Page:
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The PaineWebber Art Collection

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One of the most striking qualities of contemporary art is its ability to shock, outrage and provoke its audience. Since these are characteristics that seem to be in direct opposition to the kind of public image that a large corporation seeks, it might seem anomalous for a corporation such as PaineWebber to be collecting contemporary art at all.
The PaineWebber Group's art program breaks many of the rules that are supposed to define corporate enterprise, and yet it remains very much a corporate program. This contradiction gives the collection, which has been correctly characterized as "strikingly avant garde" 1 a dimension of interest that goes beyond its high quality as a discriminating selection of contemporary art. And because the collection exists as an integral part of the environment at the company's New York headquarters, it also tells us something important about contemporary patronage and about how the art of our time is actually used and responded to by people who spend time living with it.
Perhaps I should begin by saying that I have been familiar with the PaineWebber art collection since 1985, and that I consider it to be one of the finest collections of contemporary art in America. It consists of paintings, drawings, prints, photographs and sculptures by a wide range of contemporary and recent artists, American and foreign. Although the collection represents a broad spectrum of styles, it is not meant to provide a survey of contemporary art; the primary basis for the selection of individual works is quality rather than comprehensiveness. And although a number of well established artists are includedsuch as Georg Baselitz, Chuck Close, Lucian Freud, Jasper Johns, Anselm Kiefer, Roy Lichtenstein, Elizabeth Murray, Susan Rothenberg, and Frank Stellaa good deal of attention is given to younger, less well known artists, such as Caroll Dunham, Günther Förg, Damien Hirst, Jim Shaw, Lorna Simpson and Kiki Smith. The collection has clearly been put together with a relish for making discriminating judgments about what will hold up well over time, rather than simply following established reputations.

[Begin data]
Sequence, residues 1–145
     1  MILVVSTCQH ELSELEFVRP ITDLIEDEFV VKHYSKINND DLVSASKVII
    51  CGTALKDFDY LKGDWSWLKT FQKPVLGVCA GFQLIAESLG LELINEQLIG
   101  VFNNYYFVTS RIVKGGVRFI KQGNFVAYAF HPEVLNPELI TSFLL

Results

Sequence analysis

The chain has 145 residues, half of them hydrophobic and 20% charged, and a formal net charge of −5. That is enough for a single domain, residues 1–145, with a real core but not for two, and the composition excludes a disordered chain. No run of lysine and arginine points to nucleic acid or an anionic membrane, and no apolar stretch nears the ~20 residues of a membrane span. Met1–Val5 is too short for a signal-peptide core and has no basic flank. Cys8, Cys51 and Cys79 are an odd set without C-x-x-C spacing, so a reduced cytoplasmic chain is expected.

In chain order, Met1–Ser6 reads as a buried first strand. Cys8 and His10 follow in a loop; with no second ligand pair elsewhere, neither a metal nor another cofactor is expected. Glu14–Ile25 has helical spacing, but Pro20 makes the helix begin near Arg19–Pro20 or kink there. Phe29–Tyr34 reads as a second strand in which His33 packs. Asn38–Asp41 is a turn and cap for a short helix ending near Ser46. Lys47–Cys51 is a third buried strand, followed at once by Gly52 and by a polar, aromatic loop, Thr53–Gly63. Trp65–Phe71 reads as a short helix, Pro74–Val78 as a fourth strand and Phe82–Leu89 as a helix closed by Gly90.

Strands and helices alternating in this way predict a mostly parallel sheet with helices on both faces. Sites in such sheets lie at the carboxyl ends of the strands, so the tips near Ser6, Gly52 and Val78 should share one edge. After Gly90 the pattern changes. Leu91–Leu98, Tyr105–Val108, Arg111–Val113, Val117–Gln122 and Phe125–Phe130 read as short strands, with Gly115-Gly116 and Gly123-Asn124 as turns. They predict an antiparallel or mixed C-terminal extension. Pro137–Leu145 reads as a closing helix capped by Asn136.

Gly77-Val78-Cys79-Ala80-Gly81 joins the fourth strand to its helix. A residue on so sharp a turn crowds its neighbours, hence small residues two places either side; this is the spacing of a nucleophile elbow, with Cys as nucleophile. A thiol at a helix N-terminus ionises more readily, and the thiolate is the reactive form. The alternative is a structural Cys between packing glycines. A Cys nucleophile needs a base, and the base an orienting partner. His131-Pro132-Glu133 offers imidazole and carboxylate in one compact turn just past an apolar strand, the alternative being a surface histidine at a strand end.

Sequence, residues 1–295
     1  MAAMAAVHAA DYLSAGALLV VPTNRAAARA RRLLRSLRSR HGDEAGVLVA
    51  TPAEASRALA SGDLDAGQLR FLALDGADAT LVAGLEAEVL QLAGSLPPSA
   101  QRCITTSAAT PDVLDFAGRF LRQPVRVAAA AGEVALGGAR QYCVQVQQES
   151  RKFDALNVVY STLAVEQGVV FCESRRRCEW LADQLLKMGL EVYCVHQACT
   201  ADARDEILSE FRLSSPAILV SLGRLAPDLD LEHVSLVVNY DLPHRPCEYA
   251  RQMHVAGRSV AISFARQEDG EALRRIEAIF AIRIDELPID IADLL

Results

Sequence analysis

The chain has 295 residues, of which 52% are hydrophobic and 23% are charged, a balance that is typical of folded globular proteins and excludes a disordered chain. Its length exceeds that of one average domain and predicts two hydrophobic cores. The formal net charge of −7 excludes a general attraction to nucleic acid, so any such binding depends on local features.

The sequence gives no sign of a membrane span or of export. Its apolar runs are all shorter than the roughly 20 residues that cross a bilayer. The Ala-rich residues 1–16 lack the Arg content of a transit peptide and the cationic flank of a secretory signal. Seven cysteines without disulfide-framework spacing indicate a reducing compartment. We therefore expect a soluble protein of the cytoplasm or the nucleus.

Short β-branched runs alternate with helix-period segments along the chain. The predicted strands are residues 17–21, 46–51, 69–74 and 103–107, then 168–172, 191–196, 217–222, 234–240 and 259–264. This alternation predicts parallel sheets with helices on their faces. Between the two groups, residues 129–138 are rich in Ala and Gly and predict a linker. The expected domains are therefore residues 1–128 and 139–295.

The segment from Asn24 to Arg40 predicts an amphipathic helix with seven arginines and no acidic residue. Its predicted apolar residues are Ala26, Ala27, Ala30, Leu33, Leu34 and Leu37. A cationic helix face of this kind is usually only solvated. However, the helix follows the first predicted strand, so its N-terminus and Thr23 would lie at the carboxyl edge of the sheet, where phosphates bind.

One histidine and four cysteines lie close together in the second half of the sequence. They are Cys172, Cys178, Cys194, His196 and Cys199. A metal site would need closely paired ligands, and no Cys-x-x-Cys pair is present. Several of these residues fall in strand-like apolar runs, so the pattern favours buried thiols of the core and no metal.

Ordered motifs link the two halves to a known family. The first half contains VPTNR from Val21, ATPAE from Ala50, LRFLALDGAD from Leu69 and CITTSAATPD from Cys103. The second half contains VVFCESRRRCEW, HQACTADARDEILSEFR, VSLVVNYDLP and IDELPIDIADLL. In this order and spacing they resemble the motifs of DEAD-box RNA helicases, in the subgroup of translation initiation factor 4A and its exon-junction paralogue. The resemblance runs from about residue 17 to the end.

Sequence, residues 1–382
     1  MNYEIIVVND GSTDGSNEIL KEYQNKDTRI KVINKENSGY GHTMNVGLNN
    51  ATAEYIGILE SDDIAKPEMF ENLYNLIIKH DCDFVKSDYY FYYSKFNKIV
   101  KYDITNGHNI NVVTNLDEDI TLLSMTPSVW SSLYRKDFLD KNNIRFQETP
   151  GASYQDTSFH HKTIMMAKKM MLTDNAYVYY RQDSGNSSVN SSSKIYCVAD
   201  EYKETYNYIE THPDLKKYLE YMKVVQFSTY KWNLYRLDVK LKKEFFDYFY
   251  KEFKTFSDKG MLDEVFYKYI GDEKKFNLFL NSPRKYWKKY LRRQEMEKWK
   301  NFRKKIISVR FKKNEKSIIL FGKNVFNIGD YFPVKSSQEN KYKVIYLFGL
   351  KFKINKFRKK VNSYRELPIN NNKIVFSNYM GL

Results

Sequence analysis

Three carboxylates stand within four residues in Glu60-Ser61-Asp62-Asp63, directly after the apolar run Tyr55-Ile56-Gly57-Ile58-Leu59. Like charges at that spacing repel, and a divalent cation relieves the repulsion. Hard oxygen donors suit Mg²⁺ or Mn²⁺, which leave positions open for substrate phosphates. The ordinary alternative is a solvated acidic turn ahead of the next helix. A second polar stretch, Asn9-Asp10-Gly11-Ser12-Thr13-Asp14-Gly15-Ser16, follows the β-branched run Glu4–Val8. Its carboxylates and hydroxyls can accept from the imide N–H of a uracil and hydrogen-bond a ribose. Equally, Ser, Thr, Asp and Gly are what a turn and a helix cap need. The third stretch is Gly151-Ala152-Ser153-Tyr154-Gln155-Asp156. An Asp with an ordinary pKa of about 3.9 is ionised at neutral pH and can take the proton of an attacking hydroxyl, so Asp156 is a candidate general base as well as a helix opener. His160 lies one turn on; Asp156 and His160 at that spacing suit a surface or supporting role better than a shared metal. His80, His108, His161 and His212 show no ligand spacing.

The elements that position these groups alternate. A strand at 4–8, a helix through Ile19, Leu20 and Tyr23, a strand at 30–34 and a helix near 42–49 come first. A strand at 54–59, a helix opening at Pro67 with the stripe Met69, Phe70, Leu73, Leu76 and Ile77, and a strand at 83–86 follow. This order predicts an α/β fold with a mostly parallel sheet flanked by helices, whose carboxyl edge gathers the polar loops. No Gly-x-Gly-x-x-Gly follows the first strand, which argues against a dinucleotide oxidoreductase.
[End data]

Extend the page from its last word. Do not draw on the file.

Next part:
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Like most corporate collections, one of its functions is to enhance the prestige of the company, and this it seems to do quite effectivelyalthough, as we shall see, not in as uncomplicated a way as one might think. At the same time, the PaineWebber art collection is rather unusual. The selection of objects has been made almost entirely by Donald B. Marron, the firm's chairman and chief executive officer, and one of its primary purposes is to embellish the workplace. At any given time, most of the collection is hung along the corridors and in the offices of PaineWebber's corporate headquarters in New York City; both the size of the collection, and to some degree the dimensions of the works in it, have been determined by the pragmatic function.

In many ways, it is also a rather daring collection, especially within the sensitive world of corporate image making. As has been widely remarked, corporate collections frequently aim for a certain neutrality, what has been characterized as a form of visual Muzak or "white noise."2 They tend to focus on reassuring forms of representational art, such as landscapes and still lifes, or on rather cool and impersonal abstract art that avoids the expression of strong emotions.3 Indeed, corporate curators frequently explain that they avoid anything overtly political or controversial, especially images of nudes, religious subject matter or anything they consider to be "too abstract or crazy."4

The PaineWebber collection, by contrast, seems to override virtually all these taboos. It is not confined to a single school or style, such as realist landscapes or "cool," geometrical abstractions. Rather it is more like a private collection, driven by a desire for quality and remaining unapologetically personal in many of its choices. As a reflection of Marron's personal taste, for example, it contains virtually no Minimalist or Conceptual art, and it stays clear of funky assemblages and installations.